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50 States, Day 303

Atlanta  38 Miles

"Don't let anybody make you feel that you're nobody. Always feel that you count. Always feel that you have worth, and always feel that your life has ultimate significance."
~Martin Luther King, Jr.



We visited the Capitol today and for the first time, it was in session. Walking around with cameras and dressed like slugs, we felt like interlopers. But it's 'of the people, by the people and for the people,' even people that look like their crap has been drug all over the country. 

Lots of suits and power outfits, making Big Deals. Apparently they were on lunch break, probably where most business got done. 



The Georgia Capitol went up in 1889, quite a while after Sherman came through and burned Atlanta. It wasn't the capital then anyway. Of interest however, were the churches. They survived, thanks to Father Thomas O'Reilly, who persuaded Sherman to spare the Catholic Church building as well as the others. Legend has it that he told him, "If you burn the Catholic Church, all Catholics in the ranks of the Union Army will mutiny!" Apparently Sherman wasn't a Seventh Day Adventist.



We hopped back on the scooter, braving the forty-eight degree temps and wind to check out the Martin Luther King, Jr. Memorial. More trivia, his mother called him ML, because if she were to say, "Martin Luther King Junior, you get back here!" he would have been in Macon by the time she got his name out. 




I lived during MLK's lifetime, and learned so much today, it was amazing. I remember the police hitting the blacks with fire hoses and such, but I assumed they were being naughty. And while some blacks thought violence was an option, MLK preached passive resistance, and he learned it from Ghandi. A good example was the buses. Rosa Parks got arrested for not giving up her seat and things got hot. The nerve of her! Wanting to sit on a bus with white folk and not giving up her seat. King had his people boycott the buses, and they didn't ride for a year. Almost bankrupted the transit company. Finally the  Supreme Court said anyone could sit in a bus. It's difficult to imagine people acting like second graders and having to get the Supremes to settle the deal.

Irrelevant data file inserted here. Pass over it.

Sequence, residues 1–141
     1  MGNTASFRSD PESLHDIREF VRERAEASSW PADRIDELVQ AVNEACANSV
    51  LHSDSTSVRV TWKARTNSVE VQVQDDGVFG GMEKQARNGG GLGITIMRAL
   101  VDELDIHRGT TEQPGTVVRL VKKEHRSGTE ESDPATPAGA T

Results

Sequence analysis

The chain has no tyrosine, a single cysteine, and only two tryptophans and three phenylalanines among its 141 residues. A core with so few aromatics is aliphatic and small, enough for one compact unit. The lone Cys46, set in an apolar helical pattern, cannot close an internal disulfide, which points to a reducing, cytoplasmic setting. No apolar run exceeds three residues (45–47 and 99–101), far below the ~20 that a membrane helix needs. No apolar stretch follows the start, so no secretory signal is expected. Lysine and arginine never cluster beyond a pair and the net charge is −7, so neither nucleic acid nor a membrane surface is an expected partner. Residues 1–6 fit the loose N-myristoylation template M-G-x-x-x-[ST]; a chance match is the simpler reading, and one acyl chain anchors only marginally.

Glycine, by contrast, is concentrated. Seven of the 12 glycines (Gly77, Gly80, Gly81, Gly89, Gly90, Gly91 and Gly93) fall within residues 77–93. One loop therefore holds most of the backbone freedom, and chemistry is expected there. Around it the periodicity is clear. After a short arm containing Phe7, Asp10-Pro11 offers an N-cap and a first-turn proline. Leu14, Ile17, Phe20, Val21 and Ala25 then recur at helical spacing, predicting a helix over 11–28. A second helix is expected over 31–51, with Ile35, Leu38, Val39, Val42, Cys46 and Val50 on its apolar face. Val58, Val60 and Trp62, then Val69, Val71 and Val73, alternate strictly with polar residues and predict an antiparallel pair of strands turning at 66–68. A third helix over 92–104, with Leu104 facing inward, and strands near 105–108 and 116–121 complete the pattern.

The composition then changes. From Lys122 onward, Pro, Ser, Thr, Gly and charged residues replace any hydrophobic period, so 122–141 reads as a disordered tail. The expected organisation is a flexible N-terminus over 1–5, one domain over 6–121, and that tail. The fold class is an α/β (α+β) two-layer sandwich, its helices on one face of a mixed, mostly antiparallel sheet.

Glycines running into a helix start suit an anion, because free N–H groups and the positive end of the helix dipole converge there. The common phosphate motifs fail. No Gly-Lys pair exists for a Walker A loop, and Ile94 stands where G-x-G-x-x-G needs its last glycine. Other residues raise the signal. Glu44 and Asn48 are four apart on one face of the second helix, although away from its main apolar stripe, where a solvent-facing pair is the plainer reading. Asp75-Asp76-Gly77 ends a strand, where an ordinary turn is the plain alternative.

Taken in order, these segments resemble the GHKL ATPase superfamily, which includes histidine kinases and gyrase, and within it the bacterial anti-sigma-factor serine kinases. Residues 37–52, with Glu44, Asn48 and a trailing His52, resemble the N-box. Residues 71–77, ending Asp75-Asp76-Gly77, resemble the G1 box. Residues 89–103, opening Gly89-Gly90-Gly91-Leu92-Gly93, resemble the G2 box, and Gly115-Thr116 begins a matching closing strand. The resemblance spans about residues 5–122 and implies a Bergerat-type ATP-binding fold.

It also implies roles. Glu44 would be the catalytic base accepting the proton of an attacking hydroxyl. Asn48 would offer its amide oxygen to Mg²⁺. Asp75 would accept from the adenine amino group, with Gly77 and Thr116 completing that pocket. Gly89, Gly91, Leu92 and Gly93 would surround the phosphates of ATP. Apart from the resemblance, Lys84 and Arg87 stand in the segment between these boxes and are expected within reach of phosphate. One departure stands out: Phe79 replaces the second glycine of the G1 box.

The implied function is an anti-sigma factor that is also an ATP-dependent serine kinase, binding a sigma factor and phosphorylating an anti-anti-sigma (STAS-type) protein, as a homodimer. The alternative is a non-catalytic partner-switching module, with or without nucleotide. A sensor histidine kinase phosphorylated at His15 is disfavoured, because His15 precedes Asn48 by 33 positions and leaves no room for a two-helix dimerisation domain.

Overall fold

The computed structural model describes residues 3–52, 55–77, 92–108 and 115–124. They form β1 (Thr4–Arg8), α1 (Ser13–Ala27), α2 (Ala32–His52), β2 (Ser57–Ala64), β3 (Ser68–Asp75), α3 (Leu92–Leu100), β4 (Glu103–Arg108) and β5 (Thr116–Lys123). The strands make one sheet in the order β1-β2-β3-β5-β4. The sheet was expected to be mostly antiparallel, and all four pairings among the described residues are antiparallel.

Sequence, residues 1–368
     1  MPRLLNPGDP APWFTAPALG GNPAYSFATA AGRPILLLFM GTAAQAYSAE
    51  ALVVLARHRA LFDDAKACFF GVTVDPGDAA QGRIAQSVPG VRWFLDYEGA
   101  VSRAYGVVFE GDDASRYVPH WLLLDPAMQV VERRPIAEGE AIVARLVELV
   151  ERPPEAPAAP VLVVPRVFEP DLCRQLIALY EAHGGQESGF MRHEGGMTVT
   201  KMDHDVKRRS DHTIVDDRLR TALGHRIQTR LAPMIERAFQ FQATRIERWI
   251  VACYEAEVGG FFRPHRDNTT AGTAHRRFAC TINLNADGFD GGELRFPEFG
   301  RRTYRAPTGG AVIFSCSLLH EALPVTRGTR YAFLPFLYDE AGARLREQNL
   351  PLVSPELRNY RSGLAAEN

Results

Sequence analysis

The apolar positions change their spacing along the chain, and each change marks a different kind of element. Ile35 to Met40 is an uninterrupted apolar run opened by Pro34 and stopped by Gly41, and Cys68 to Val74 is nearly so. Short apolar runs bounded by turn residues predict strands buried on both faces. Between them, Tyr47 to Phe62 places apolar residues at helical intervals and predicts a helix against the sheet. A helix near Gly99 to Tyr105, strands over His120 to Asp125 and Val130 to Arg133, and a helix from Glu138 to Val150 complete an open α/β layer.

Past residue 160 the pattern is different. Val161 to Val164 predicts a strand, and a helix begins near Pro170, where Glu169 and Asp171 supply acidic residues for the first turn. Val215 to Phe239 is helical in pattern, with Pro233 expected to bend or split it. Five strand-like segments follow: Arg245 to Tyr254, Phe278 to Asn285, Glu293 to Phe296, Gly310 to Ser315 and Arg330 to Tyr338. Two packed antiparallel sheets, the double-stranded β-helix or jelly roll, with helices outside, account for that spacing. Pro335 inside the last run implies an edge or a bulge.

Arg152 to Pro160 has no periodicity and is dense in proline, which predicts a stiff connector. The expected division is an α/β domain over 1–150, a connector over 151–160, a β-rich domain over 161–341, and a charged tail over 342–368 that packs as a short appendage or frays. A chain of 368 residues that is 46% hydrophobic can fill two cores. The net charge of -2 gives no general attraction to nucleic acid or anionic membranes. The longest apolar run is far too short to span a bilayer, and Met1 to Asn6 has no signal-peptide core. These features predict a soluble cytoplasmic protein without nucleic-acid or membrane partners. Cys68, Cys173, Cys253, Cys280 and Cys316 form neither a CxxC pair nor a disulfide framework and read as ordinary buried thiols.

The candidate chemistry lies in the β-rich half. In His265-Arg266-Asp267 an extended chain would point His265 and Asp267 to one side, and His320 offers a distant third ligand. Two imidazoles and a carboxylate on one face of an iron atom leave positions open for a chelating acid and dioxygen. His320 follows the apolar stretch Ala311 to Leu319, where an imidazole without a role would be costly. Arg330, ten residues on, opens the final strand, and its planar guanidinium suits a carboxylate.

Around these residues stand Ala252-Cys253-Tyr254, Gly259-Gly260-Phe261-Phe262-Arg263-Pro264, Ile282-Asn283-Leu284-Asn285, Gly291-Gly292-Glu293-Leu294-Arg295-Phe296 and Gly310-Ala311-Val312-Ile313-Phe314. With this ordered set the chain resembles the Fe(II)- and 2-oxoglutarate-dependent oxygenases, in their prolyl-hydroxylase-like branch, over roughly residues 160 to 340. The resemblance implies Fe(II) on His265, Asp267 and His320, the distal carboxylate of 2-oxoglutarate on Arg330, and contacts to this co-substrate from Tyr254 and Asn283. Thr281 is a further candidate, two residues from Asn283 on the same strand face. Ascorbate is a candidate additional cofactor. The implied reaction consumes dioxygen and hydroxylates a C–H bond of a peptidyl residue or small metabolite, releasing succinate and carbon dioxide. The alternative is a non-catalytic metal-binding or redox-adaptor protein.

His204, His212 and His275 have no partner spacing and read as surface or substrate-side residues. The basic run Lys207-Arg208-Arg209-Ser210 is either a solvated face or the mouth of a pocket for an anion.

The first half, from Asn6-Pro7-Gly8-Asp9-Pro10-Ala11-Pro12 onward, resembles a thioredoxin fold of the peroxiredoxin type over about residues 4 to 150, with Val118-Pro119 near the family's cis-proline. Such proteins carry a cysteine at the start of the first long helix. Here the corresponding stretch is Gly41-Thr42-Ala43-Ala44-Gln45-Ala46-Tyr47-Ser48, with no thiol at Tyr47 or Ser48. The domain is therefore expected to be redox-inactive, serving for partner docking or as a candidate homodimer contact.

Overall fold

Another? He was worn out, ready to quit. Sat at the kitchen table and poured his heart out to God, afraid if he faltered his people would lose their resolve. He felt God''s presence and regained his own resolve.

Three days later they bombed his house. 

He was arrested fourteen times, stabbed, beaten, reviled and hated. But he carried on anyway, and was eventually assassinated. An excellent and compelling tribute to MLK.

And now, with more knowledge in her head than a Jeopardy contestant, Quilter Girl!


We had every intention of visiting the Jimmy Carter Library too, but time, cold and fear of rush hour got to me so we headed back to the motel.  We stopped at a Sonny's BBQ for dinner and had a great meal.  I am really going to have to find BBQ sauce as good as theirs in Vegas or I'll have to find a recipe!  My interesting tidbit today was that the building committee that built the Capitol had a budget of $1 million and managed to return $100 of it to the state treasury.  Pretty good budgeting. 

QG

Tomorrow we head to Plains, Georgia to the Jimmy Carter National Historic Site (over a hundred miles!). See you then. 




2 comments:

Mel said...

Help me out here, 'cause I'm still trying to get this straight... If Sherman had burned the Catholic Church, would that in any way have affected our ability to shop on Sundays? Just wondering...

................................ Kevin Parsons said...

I suppose the Seventh Day Adventists are pretty disappointed with Mr. Sherman.
KP